Total lunar eclipse in Hong Kong on December 10
(24 November 2011)
A total lunar eclipse will occur at night on December 10 (Saturday) and will be visible in Hong Kong if the weather is fine.
Scientific Officer of the Hong Kong Observatory, Mr Woo Wang-chun, said, "The duration of the whole process (from the moon entering the penumbra to leaving the penumbra) will last six hours, the longest period of lunar eclipse visible in Hong Kong since the year 2000. As the elevation of the moon will be rather high during the eclipse, most places with an unobstructed view to the east are suitable for viewing the event. If the weather is fine, the condition will be very favourable for viewing the eclipse."
"The moon will not completely disappear but will appear coppery-red in colour during totality. This is because sunlight scattered or refracted by the Earth's atmosphere will be projected onto the moon," said Mr Woo.
A webcast of the event, covering the time the moon enters the umbra until it leaves, will be jointly provided by the Hong Kong Observatory and the Hong Kong Space Museum on the following web page from: www.weather.gov.hk/gts/hksm/astrophoto.htm (Please refer to figure 1 of attachment for relevant QR code).
Additionally, the Hong Kong Space Museum will organise an observation activity titled the "Night of Total Lunar Eclipse", in the central section of the Avenue of Stars in Tsim Sha Tsui from 7.30pm to 11.30pm.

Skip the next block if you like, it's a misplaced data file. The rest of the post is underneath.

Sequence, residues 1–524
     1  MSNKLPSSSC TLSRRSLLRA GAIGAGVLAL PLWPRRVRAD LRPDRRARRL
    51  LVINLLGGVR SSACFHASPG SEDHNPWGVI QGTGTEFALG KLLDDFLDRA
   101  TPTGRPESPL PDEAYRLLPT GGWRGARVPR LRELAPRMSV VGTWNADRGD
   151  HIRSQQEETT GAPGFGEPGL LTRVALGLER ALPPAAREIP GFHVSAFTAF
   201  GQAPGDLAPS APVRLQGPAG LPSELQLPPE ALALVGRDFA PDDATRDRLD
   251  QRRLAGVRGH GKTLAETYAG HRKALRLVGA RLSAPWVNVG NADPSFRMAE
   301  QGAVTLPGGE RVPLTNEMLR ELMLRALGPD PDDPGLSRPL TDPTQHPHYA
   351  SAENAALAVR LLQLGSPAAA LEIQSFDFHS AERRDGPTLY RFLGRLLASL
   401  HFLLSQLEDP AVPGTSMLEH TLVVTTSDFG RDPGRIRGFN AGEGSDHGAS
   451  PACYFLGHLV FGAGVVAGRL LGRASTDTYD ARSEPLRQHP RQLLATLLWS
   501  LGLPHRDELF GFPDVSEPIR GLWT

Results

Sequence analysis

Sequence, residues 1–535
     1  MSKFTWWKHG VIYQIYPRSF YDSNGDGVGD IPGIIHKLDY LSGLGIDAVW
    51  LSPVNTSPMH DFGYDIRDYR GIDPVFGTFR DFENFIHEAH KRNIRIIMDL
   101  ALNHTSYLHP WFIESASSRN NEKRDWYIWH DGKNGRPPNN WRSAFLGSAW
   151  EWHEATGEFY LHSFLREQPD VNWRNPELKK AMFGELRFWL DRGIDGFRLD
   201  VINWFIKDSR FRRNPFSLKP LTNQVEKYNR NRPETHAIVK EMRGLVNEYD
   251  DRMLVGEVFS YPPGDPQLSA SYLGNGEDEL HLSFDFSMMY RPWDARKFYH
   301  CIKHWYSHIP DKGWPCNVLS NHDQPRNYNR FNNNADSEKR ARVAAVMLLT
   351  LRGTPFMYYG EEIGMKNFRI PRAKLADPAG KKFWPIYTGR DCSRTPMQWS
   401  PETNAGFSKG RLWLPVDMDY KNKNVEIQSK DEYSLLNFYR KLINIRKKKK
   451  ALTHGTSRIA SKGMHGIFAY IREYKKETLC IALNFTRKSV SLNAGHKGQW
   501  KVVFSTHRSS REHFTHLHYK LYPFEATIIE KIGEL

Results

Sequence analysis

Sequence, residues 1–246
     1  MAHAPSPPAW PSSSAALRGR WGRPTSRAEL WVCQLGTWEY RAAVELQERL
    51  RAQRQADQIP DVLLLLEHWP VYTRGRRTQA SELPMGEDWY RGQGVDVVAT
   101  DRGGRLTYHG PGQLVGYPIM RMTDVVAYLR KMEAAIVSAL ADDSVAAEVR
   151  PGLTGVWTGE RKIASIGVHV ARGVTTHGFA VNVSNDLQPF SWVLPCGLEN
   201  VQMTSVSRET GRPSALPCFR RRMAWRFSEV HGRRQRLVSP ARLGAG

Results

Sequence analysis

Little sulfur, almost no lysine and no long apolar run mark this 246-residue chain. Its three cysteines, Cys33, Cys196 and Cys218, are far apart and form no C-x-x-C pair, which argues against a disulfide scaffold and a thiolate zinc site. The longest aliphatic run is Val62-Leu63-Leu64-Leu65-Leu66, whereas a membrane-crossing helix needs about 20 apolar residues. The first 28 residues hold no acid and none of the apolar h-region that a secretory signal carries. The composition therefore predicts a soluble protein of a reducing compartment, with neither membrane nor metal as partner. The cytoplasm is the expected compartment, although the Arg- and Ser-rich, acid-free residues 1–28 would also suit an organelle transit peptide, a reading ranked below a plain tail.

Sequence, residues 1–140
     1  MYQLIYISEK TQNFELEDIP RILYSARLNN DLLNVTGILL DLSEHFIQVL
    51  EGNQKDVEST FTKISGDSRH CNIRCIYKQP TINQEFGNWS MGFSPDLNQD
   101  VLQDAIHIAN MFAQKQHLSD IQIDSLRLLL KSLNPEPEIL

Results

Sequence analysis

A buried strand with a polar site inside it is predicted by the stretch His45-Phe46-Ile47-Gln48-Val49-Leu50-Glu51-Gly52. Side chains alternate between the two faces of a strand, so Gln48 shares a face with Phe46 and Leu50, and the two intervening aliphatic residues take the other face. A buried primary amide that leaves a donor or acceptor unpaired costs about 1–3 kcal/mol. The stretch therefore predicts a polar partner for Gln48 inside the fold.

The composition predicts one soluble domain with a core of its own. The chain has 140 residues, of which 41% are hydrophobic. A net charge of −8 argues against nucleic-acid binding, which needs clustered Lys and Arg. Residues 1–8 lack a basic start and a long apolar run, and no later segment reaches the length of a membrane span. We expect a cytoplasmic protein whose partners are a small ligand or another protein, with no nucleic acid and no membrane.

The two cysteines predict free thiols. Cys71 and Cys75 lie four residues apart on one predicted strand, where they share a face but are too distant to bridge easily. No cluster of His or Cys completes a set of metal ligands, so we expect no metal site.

"The public will have the opportunity to observe the total lunar eclipse with telescopes and various kinds of astronomical instruments under the guidance of Space Museum staff. The activity is provided free of charge and no registration is required," said the Curator of the Space Museum, Mr Chan Ki-hung.
Please refer to attached diagram for details of the moon's path during the eclipse. An animation of the lunar eclipse is also available on the Hong Kong Space Museum's YouTube channel (www.youtube.com/hkspacem/) (Please refer to figure 2 of attachment for relevant QR code).
Details of the lunar eclipse are as follows:
Please refer to the Hong Kong Observatory website for an explanation of the cause and different stages of a lunar eclipse:
www.weather.gov.hk/gts/astron2011/lunar_eclipse_e.htm (Please refer to figure 3 of attachment for relevant QR code).
The next lunar eclipse potentially observable in Hong Kong will occur on June 4, 2012, which will be a partial eclipse. Also in 2012, an annular solar eclipse will be potentially observable in Hong Kong on May 21, and a transit of Venus on June 6. Both are rare astronomical phenomena.